Early intervention for preschool children of parents with mental illness: the evaluation of a resource for service providers

Research output: Contribution to conferenceAbstractpeer-review

Abstract

Background: Many people with a mental illness have young children. Research has shown that early childhood is a particularly vulnerable time for children whose parents have a mental illness. Moreover, repeated research has demonstrated the effectiveness of a multiagency approach to family focused practice for improving parental functioning and preventing adverse outcomes in children whose parents have a mental illness, particularly in the early years of a child’s life. However, there is a paucity of professional development resources for professionals who work with families where a parent has a mental illness and has young children. Significance of the study: This study will make a contribution to addressing knowledge gaps around resource development and workforce needs for early childhood and mental health professionals working with young children where a parent has a mental illness. Objective: This presentation describes a newly developed resource, 'Pathways of Care', specifically designed for early childhood educators and mental health workers, alongside pilot evaluation data regarding its effectiveness. ‘Pathways of Care’ aims to promote collaborative practice and present early identification and referral processes for workers in this sector. The resource was developed by the Children of Parents with a Mental Illness (COPMI) National Initiative which is funded by the Australian Government. Method: Using a mixed method design, the effectiveness of the training resource is also presented. Fifteen workers completed the Family Focus Mental Health Practice Questionnaire pre and post using the resource, to measure confidence and practice change; semi-structured interviews were also conducted with eight of these same workers to further explore the utility of the resource. Findings: The findings indicated the resource was effective in increasing knowledge and confidence, particularly for new and/or inexperienced staff. Examples of how the resource was used in practice by various professions emerged from the interview data. Conclusions: Collaborative practice, early identification and intervention in early childhood can potentially play a key role in altering the life trajectory of children who are at risk. This information has important implications for workforce development and staff training in both the early childhood and mental health sectors. Implications for policy and future research are discussed.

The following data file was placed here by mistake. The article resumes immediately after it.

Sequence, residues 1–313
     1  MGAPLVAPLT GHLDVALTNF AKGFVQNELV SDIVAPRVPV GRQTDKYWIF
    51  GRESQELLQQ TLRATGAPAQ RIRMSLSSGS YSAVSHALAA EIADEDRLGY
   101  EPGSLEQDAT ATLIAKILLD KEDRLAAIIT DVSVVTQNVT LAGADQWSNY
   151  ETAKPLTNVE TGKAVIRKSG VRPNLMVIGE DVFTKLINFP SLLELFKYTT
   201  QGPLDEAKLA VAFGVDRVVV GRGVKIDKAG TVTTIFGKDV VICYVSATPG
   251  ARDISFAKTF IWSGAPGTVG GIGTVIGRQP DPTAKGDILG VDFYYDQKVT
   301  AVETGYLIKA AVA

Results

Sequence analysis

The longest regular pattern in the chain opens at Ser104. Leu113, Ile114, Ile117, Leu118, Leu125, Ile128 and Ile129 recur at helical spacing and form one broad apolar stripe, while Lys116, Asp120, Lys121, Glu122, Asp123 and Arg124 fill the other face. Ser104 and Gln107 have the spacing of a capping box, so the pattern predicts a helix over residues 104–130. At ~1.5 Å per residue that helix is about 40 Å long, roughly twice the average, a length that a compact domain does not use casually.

Original languageEnglish
Number of pages1
Publication statusPublished - 2015
EventInternational Conference on Educational Psychology 2015 - Holiday Inn Paris Montparnasse, Paris, France
Duration: 25 Jun 201526 Jun 2015
https://waset.org/conference/2015/06/Paris/ICEP

Conference

ConferenceInternational Conference on Educational Psychology 2015
Abbreviated titleICEP 2015
CountryFrance
CityParis
Period25/06/1526/06/15
Internet address

Keywords

  • parents with mental illness
  • early intervention
  • evaluation
  • preschool children

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